Over the last year I have had the opportunity to participate as a ‘collaboration partner’ in a fascinating research project led by four European universities to explore the role that 'Smart Urban Intermediaries' play in making a difference in ‘deprived’ local areas across Europe.
Despite the somewhat confusing name (something I’m assured works better in translation), Smart Urban Intermediaries (SUIs) are essentially the anchor individuals within local communities who are recognised as making a difference in their area – whether they work in social enterprises, community or voluntary organisations, are employed by public bodies as community development or regeneration officials, or are local residents, activists, elected Councillors or, simply, Community Leaders. The common feature among SUIs is that they are individuals who manage to bring people and resources together in creative and/or innovative ways to address shared problems within their local areas.
Trying to better understand just how it is that SUIs are able to create change in their local areas has led to the establishment of four ‘Living Labs’ in parts of Birmingham, Copenhagen, Glasgow and Amsterdam. These ‘Living Labs’ have been convened as a metaphoric space within each neighbourhood to bring together a range of different types of knowledge, experience and expertise in order to explore and interrogate just ‘what it is’ that makes individuals able to lead on change and development within deprived and fractured communities.
I have been privileged to be involved in the Glasgow Living Lab centred on Govan - a part of Glasgow with a reputation for poverty, struggle and loss, but now a locality that is a hot-bed of innovation, activism, enterprise and forward thinking. Coming in as an ‘outsider’ to this area I have been consistently surprised by the successes local SUIs have achieved, both in terms of physical regeneration (claiming back neglected buildings for community use) and building a new sense of purposeful community cohesion within the area.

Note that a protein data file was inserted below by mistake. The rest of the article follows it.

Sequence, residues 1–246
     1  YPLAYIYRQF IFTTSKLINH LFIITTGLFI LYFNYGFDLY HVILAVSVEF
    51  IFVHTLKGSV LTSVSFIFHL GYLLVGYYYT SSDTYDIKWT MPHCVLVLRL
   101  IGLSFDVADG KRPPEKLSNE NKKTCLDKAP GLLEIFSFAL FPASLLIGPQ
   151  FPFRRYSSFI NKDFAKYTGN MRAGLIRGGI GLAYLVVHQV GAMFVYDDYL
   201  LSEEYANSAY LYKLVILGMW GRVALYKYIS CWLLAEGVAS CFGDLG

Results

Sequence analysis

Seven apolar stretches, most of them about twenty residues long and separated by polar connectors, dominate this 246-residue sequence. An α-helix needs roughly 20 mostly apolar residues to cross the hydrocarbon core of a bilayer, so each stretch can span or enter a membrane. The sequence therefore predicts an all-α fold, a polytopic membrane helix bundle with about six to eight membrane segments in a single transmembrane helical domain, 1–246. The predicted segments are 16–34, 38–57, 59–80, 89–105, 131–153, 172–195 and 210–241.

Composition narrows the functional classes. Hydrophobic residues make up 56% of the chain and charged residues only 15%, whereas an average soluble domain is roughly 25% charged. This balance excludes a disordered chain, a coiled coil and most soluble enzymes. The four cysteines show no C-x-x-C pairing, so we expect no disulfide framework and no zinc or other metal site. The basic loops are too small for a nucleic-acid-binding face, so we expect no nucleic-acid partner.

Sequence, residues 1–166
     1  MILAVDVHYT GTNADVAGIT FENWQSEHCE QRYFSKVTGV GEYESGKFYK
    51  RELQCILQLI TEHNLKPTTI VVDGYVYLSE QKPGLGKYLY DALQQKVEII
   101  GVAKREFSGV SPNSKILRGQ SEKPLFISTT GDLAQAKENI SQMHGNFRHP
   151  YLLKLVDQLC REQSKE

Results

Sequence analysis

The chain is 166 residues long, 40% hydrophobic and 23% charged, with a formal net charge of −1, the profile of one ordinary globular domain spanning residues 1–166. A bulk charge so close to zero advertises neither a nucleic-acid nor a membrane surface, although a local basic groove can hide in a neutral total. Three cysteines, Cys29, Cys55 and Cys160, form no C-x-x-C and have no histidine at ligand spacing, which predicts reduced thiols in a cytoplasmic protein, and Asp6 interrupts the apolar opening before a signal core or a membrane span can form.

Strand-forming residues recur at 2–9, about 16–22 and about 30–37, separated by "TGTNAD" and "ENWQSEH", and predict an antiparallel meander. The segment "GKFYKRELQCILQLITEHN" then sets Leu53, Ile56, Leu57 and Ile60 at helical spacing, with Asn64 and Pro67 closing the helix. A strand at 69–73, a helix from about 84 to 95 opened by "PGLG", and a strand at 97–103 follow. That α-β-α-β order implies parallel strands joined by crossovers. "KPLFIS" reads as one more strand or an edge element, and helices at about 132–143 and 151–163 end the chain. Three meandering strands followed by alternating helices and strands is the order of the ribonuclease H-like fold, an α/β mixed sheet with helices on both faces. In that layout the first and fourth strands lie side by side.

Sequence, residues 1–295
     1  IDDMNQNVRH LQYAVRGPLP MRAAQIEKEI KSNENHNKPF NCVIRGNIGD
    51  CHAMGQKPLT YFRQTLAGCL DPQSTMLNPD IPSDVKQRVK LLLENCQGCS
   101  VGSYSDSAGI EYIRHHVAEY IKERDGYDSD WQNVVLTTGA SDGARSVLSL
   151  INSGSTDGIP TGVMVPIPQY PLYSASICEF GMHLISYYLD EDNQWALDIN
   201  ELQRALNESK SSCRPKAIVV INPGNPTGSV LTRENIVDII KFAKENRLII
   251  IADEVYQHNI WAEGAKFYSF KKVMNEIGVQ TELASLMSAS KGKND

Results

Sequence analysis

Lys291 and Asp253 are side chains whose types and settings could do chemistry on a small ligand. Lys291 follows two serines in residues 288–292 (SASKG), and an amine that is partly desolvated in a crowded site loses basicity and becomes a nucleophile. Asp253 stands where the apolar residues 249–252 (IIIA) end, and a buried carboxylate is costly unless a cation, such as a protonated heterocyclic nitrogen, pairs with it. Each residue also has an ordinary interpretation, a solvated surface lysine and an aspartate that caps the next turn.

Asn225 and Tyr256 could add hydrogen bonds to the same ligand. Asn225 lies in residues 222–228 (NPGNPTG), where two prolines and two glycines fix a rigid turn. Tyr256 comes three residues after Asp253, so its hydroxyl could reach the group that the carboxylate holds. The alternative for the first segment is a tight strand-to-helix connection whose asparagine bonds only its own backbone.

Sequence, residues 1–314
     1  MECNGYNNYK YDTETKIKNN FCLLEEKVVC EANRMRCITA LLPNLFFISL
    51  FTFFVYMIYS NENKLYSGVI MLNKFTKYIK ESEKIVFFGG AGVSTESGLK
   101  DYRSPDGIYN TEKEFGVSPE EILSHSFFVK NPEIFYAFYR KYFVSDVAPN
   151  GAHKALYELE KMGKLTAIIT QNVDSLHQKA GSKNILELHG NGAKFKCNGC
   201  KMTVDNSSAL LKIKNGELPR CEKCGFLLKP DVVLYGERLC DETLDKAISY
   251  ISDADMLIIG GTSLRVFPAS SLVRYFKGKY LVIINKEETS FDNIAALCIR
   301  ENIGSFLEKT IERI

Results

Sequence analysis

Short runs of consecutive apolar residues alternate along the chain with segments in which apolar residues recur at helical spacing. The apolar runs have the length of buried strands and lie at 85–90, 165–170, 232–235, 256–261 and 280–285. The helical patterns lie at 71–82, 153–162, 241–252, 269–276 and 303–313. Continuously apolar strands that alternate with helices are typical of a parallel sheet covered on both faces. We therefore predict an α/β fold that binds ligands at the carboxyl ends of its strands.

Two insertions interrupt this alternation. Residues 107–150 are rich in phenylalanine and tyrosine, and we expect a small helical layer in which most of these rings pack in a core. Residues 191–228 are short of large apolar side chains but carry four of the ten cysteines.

In October 2018 our Lab in Govan hosted the first of a series of ‘Transnational Labs’ organised to bring together delegates from each Local Lab to share learning and collaborate. Our local Govan SUIs blew our visitors away with their passion, commitment and achievements – as illustrated by this blog from one of the Dutch delegation.
Earlier this year I then had the opportunity to spend two days in Vale de Chelas, a neighbourhood in Lisbon, at the next Transnational Lab. Along with Lab members from Amsterdam, Birmingham and Copenhagen I was given the chance to dig into the history of this unique estate, and better understand how it established and maintains a strong community identity through its struggle for recognition and entitlement – and it seems a community story was key!
The generosity of our local hosts in sharing their histories, reflections and experiences, led to me consider how the power of a ‘community story’ can be a tool for creating a sense of community and, in turn, being an impetus for driving change.
My blog exploring this further, alongside other blogs reflecting on how the experience of how visiting this community prompted wider reflection on the role of SUIs in their own cities across Europe, can be found here.
Photos from Lisa Fotios on Pexels